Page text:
Monday, September 6, 2010

Everything Lost

The only true voyage of discovery consists not in seeking new lands, but rather in seeing with new eyes. - Marcel Proust

Yesterday evening I thought that perhaps it would be nice to go for a trail ride with Little Love, but only if she fully agreed to the ride. When I got to the barn, I haltered her immediately and took her into the indoor arena, a place where we can be in peace together when the weather is good and others ride outside. The indoor arena is not much of a space, but it is as close to freedom that I can offer Little Love in this moment in time. Freedom is a relative concept. For a horse that lives on a 1000 acre farmland an enclosed riding arena would be imprisonment. But for Lilo, who lives in a small stall, the indoor can represent a piece of freedom, however short and small.

I had brought a book to read and I sat on a chair for thirty minutes while Lilo wandered around the arena. Every now and then she stopped by me to push on my book or lick my arm just to turn around and mosey to the other side of the hall. Finally I closed my book and approached her.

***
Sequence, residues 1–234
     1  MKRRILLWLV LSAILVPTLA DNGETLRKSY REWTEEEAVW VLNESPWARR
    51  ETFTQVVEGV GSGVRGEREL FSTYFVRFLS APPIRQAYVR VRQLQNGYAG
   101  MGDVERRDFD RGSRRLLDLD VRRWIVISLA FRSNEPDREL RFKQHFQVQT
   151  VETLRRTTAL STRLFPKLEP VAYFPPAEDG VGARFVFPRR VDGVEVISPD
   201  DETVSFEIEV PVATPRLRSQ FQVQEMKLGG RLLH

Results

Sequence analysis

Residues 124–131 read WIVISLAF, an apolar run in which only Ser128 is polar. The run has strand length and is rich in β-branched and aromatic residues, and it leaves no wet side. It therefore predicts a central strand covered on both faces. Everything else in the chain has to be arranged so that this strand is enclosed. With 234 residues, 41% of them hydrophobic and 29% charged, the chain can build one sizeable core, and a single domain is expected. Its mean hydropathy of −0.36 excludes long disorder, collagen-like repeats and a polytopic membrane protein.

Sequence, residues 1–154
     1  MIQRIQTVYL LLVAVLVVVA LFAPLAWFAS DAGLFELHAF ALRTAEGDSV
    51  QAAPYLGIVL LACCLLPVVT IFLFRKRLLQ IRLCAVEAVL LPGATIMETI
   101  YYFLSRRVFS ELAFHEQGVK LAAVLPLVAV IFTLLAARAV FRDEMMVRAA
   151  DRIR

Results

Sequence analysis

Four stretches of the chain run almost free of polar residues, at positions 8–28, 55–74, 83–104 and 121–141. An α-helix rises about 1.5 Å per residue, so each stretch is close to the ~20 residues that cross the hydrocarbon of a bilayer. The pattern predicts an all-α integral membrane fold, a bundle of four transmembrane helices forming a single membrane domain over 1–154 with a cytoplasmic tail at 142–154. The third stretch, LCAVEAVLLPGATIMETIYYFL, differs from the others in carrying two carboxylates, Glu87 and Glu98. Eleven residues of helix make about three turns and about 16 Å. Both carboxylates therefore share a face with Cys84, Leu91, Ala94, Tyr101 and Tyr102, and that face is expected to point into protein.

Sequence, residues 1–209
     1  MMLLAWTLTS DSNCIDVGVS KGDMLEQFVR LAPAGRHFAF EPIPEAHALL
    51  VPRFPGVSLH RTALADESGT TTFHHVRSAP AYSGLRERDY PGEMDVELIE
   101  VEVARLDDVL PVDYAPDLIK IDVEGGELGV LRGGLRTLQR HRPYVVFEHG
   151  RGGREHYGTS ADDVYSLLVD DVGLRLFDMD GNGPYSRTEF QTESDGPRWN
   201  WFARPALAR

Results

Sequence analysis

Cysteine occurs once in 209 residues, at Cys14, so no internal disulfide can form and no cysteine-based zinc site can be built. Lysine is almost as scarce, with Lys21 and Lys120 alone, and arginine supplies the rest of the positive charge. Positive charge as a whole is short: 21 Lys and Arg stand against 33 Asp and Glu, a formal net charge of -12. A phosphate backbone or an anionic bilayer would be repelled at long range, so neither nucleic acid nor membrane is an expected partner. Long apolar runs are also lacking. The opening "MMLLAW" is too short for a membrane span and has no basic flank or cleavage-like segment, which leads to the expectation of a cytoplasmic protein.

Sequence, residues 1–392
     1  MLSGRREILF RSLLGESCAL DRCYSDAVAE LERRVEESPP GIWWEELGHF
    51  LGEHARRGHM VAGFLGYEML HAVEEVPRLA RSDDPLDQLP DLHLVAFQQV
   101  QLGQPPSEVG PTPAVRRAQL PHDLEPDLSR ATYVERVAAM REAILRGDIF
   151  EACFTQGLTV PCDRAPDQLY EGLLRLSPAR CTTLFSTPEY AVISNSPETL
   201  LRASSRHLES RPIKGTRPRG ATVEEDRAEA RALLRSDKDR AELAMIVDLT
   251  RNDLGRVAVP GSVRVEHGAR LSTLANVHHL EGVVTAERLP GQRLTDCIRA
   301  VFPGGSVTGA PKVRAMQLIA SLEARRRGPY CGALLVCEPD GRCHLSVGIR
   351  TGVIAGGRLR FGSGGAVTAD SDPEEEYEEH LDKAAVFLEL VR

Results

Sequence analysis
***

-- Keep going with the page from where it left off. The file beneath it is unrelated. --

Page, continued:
“Do you want to go for a ride?” I asked. She turned her head away and walked off. Okay, that was a fairly clear message. She walked a small loop and I thought perhaps she just wanted to hang out tonight, but then she turned and came back to me, putting her head down to the halter. This in her language means: “Yes, why not”.

I walked her to the grooming area, which she entered willingly. She has been known to stop as well, so I took her willingness as another sign that she, too, wanted to go for a ride in the woods. Once I had groomed her, I grabbed the saddle and showed it to her, watching her reaction carefully. She turned her head and looked at me, with her ears forward. This is another “Yes”, something she has just recently started to offer when it comes to the saddle. Before, there was just a whole bunch of “NOs” which she reiterated by biting the saddle, pinning her ears back and moving away from the situation, if she had that option. For this reason I have ridden her less and less, as I want to respect her wishes.